Opposite: The diagram illustrates the tandem evolution and crosspollination of prototypical campus forms. The plans are aligned to their respective centers of gravity. Over time, the campus has not only grown larger, but the relationship between building and landscape has become more complex.
The diagram accompanying this text (opposite page) shows the tandem evolution and cross-pollination of the prototypical campus forms. The effect of the cloister on corporate campus design was transferred by way of the university campus which was adopted by heads of industry in the late 19th century as a means of institutionalizing a collegiate image of innovation and virtue. On the other hand, the villa came to exert its influence by way of the formal garden which exists ultimately as a form of domestic and virtuous nature. Over time, the campus has not only grown larger, but the relationship between building and landscape has become more complex. The plans (opposite page) are diagrammatically aligned to their respective centers of gravity or, in other words, the most significant visual, psychological, or
spatial focal point. This demonstrates not only the physical spatial dimensions of the plans, but compares the (sometimes subtle, sometimes not) symbolic gestures that those arrangements hope to achieve. The evolution which has given us the suburban corporate campus is an evolution of the ideal plan into the polymorph idealisms of the yard, the range, the cloister, and the villa. Form and Re-organization Perhaps the most significant outcome of this precedent and typological study is the proposal for the final building form. As the campus has been shown as a hybrid of open and closed building forms, surrounded by and surrounding landscapes at various scales, the thesis proposal attempts to define specific building-landscape relationships. One notion, which also relates to picturesque effects, was to create a building form that must be viewed from various angles through the landscape; a building that cannot be viewed from any one perspective in its entirety. By extracting the courtyards and campus buildings as well as their surrounding landscapes and rearranging them into a single linear “building” the campus precedent is both respected and modified. The final step was to reshape the single building, to loop the campus back onto itself. This formal move is intended to shape specific, unique landscape zones while creating new “cross-campus” adjacencies between architectural programs. Essentially, the thesis proposal is an entire campus--buildings and landscape---reformed into a single structure that, due to its size and orientation on the site, appears to be an actual campus of multiple buildings. Conversely, the fact that the campus is in fact one building yields a single building that can be better secured, can better integrate and share services and building systems, and can be used as a path itself to traverse the campus landscape and the diverse episodes that the building form helps to shape.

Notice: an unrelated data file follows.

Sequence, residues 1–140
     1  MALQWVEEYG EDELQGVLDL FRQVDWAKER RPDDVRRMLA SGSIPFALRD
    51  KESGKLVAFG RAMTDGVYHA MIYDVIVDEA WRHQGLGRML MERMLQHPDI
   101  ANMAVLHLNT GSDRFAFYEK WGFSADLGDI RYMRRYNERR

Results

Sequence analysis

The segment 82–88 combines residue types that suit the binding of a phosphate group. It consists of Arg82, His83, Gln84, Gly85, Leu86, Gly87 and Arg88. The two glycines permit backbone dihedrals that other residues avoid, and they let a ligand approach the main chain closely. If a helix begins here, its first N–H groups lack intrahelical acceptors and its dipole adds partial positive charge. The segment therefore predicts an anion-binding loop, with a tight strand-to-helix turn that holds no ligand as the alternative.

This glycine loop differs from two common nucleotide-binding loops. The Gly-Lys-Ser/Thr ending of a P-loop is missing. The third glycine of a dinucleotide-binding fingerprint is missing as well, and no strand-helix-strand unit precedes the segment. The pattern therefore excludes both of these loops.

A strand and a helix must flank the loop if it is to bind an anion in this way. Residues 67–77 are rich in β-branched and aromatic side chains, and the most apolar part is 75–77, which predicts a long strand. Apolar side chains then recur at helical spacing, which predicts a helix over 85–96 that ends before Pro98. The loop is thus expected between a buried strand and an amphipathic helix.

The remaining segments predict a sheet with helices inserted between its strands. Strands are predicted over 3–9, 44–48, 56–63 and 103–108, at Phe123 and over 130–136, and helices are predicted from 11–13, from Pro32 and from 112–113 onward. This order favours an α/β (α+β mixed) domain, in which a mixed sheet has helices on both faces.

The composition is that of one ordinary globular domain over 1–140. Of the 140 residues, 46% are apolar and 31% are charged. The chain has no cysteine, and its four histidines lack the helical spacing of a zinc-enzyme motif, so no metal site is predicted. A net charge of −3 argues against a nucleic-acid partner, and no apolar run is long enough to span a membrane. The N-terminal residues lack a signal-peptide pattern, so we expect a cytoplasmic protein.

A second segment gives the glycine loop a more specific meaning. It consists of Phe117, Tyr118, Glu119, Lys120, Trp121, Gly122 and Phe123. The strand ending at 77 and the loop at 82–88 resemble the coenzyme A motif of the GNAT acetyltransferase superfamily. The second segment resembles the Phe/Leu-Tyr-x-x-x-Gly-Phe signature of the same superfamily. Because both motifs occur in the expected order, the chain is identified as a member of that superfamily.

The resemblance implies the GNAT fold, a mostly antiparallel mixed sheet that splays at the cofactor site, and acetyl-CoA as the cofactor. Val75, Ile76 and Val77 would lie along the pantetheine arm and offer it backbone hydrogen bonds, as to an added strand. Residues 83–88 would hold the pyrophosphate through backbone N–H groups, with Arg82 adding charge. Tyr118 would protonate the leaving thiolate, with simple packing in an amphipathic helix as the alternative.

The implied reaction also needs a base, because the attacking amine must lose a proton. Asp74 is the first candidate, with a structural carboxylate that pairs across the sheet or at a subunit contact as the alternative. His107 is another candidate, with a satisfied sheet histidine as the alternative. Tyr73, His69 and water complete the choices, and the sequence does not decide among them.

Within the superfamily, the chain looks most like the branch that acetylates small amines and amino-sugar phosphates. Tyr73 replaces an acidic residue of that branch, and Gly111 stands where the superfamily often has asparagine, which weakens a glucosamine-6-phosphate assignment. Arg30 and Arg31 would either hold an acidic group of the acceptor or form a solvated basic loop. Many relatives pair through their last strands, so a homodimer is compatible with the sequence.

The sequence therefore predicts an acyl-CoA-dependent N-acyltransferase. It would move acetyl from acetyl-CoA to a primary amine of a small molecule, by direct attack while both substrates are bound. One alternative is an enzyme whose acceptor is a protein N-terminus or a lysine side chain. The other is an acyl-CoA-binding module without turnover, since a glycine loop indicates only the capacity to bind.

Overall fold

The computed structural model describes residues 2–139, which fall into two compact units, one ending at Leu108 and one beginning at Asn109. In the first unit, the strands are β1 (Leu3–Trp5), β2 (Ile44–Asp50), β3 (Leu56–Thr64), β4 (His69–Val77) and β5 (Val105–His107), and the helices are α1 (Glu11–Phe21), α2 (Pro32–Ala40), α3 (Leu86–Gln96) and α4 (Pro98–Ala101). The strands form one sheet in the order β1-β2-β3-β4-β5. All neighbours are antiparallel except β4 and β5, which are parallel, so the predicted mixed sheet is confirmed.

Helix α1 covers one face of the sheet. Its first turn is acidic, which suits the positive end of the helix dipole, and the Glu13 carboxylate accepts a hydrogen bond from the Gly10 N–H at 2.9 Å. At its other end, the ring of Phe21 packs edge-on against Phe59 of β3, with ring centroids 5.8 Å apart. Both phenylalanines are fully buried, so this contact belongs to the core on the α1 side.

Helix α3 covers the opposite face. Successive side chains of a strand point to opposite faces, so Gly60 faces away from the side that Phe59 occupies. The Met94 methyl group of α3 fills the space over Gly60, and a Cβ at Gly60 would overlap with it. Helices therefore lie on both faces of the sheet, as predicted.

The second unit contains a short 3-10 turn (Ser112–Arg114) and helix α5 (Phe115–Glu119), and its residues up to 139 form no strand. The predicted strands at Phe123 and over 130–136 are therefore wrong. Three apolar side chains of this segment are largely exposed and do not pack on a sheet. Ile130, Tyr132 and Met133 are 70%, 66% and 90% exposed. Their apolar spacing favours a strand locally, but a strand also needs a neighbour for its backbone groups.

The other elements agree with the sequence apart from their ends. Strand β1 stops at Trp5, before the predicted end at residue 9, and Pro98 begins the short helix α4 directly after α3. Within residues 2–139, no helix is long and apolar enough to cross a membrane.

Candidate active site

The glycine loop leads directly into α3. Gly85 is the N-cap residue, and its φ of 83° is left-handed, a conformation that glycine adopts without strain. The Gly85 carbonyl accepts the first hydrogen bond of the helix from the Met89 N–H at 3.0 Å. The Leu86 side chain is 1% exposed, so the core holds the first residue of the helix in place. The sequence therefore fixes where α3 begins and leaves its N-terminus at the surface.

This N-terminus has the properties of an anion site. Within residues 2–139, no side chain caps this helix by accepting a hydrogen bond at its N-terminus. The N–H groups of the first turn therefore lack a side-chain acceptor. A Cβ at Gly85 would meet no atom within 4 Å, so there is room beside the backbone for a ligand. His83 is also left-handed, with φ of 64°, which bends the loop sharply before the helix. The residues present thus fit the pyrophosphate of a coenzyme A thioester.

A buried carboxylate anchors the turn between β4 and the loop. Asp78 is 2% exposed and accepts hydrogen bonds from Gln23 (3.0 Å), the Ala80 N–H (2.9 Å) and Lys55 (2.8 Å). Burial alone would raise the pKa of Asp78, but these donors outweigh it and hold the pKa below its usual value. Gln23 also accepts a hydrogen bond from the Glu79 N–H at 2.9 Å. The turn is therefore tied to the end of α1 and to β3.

The corporate campus as it exists today, having drawn to various degrees from both the archetypical forms of the cloister and the villa, is a series of building-landscape relationships at multiple scales: the campus is a building or series of buildings which contain landscape while remaining surrounded by a larger landscape itself: it is an object in the landscape (the villa)at the same time it is a container for smaller scale landscape episodes (the courtyard).
Perhaps the most significant outcome of this precedent and typological study is the proposal for the final building form. This formal move is intended to shape specific, unique landscape zones while creating new â€œcrosscampusâ€? adjacencies between architectural programs. Essentially, the thesis proposal is an entire campus--- buildings and landscape---reformed into a single structure that, due to its size and orientation on the site, appears to be an actual campus of multiple buildings.
Pespsi World Headquarters
Connecticut Life Insurance
Scaled comparison of the proposed building and several well-known corporate campuses.
“In Bigness, the distance between core and envelope increases to the point where the facade can no longer reveal what happens inside...interior and exterior architecture become separate projects, one dealing with the instability of programmatic and iconographic needs, the other — agent of disinformation — offering the city the apparent stability of an object.” 3 Perhaps the most uncompromising quality of the corporate campus, as a typology and as demonstrated in this project, is the relentless demand of scale. Whether in terms of building(s) or landscape, circulation or program, cost or construction, scale is an exponential, not incremental, multiplier. Underlying each theme of this project, the challenge and opportunities of scale serve as a unifying design element and taskmaster.
Previous spread, left page: The New Corporate Sprawl in its urban context, a corporate campus as urban park providing an integrated buildinglandscape alternative to the proposed district development of the next decade (orange buildings) while forming a large-scale landscape link to adjacent (proposed by this thesis) greenways; previous spread, right: aerial view of the campus highlighting the unique landscape experiences framed by the serpentine building form.